Students learn traditional shoemaking trade

By Korea Herald
  • Published : Oct 4, 2013 - 21:17
  • Updated : Oct 4, 2013 - 21:18

Shoemaking is a tough business, and not one that attracts young people.

But, Park Dong-hee, chairwoman of Seongsu Sujehwa Town, is hoping the charm of individually made shoes over mass produced footwear will attract young people to the industry.

“They can never be the same as handmade shoes,” she said. 

Sujehwa Town opened a shoemaking course for anyone interested in the job. Students make shoes during the class. (Ahn Hoon/The Korea Herald)
In 2011, Sujehwa Town opened a shoemaking course for anyone interested in the field. The program receives financial support from Seoul City and the classrooms are provided by Seongdong-gu district office. There is no training fee.

“Some 50 students complete their courses every year,” Park said. “More than 200 candidates apply for the program but we are not able to accommodate all of them now.”

Kim Ha-na, one of the students at the course, expressed confidence in the teachers’ expertise.

“This course is different from others. As most of my teachers have more than 30 years of experience, I’ll be guaranteed an answer for any question I may have,” she said.

Kim recalled when she first became interested in shoe design.

“When I was in high school, I often did sketches on my shoes, mostly the white sneakers we had to wear in the classroom. When my friends saw my designs, they wanted me to draw on their shoes as well. I enjoyed it.”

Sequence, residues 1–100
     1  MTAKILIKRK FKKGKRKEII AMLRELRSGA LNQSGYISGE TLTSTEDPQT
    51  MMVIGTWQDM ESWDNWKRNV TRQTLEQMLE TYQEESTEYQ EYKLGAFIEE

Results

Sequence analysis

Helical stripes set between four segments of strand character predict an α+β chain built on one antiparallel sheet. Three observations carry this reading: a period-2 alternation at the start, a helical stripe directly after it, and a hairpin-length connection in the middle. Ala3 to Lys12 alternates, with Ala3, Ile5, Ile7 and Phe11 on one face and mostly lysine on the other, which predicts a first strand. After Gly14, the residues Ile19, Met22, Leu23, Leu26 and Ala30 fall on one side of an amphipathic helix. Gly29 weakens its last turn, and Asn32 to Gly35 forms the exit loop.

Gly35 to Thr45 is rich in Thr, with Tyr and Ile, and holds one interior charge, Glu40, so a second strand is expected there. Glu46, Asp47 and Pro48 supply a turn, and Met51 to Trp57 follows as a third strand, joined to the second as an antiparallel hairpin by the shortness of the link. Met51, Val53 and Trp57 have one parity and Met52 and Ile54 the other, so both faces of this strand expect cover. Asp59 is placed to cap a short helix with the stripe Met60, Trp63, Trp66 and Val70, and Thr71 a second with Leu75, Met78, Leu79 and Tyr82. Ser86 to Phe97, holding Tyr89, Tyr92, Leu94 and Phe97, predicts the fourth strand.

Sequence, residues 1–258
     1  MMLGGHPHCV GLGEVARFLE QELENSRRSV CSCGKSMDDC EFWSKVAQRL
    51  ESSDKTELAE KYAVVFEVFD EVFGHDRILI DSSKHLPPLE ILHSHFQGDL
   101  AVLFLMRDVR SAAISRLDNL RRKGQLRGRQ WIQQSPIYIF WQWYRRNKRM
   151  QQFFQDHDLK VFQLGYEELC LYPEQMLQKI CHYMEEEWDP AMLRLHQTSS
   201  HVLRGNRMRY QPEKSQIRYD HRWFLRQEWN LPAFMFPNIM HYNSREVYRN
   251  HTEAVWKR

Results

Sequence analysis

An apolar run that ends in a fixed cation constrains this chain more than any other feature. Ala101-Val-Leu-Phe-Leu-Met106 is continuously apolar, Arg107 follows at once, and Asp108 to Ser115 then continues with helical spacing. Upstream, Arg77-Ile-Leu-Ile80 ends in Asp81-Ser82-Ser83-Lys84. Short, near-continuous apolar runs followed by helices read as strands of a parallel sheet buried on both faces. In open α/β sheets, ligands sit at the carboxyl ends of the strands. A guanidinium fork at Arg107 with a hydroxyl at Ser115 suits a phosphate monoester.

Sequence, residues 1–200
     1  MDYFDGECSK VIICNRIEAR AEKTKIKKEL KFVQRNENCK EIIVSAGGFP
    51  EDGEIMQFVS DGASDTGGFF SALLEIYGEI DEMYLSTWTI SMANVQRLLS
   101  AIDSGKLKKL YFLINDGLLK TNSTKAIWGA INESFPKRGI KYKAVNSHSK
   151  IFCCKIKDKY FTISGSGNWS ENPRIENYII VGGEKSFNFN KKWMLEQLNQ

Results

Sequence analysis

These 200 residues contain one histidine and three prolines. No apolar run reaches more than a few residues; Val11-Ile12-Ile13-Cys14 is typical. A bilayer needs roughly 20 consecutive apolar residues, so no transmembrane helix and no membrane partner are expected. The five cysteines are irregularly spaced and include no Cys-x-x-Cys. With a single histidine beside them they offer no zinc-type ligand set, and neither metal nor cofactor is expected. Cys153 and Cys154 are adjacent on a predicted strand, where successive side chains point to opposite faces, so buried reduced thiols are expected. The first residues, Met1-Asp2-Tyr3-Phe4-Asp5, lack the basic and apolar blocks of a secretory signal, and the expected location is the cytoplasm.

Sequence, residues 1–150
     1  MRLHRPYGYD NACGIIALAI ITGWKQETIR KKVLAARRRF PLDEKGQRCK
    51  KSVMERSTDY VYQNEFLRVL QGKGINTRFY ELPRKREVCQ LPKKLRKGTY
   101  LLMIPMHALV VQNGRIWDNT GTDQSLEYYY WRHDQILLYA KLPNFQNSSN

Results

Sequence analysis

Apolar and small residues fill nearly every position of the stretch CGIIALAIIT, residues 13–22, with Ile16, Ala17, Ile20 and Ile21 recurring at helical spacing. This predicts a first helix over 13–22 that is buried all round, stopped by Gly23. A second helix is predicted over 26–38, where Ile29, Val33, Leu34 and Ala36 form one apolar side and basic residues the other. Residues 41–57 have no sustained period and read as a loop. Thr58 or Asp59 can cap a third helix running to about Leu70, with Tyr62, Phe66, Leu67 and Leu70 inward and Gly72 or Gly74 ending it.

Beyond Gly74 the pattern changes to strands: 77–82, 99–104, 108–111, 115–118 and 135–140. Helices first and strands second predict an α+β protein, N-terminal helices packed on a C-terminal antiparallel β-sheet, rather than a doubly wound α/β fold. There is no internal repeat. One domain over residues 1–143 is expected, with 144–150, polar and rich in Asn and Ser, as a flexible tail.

After she majored in visual design in college, she worked as a computer designer but her passion for shoe design never wavered.

“I feel lucky because I am doing what I like,” said Kim. “Previously, I had thought only about design, but now I am also taking into account how convenient I can make shoes for consumers. For instance, I did not know you were supposed to make shoelaces so they avoid the foot’s malleolus bones. Otherwise, they’ll leave a mark.”

The 29-year-old student said she wanted to succeed as a Seongsu-dong shoemaker.

“The boundary between handmade and factory-made is blurring. Many shoes referred to as handmade heavily depend on machines. Me, I want to make shoes the traditional way, even if it means making only a small number of them.”

Yang Eun-ji, a 28-year-old student, ran a clothing shop in China before joining the class. After graduating from the University of International Business and Economics in Beijing, she opened a shop in China with a friend. She would buy clothes from Korea to sell at her shop in China.

She felt reselling clothes was less competitive, and eventually wanted to design her own brand.

“I didn’t think it would be difficult because I already had sewing experience.”

But it was harder than she expected.

“You can easily cut out cloth if the design doesn’t look good, but you cannot do the same to shoes,” she said. “Even a millimeter can make a difference. It should be perfect from the start. Shoemaking seems to need more attention to detail than clothes.”

Nonetheless, she said the challenge is still fun. “After this, I plan to open a shoe shop in China again. I want to promote more quality Korean shoes to them, this time from my own brand.”

By Shin Ji-hye (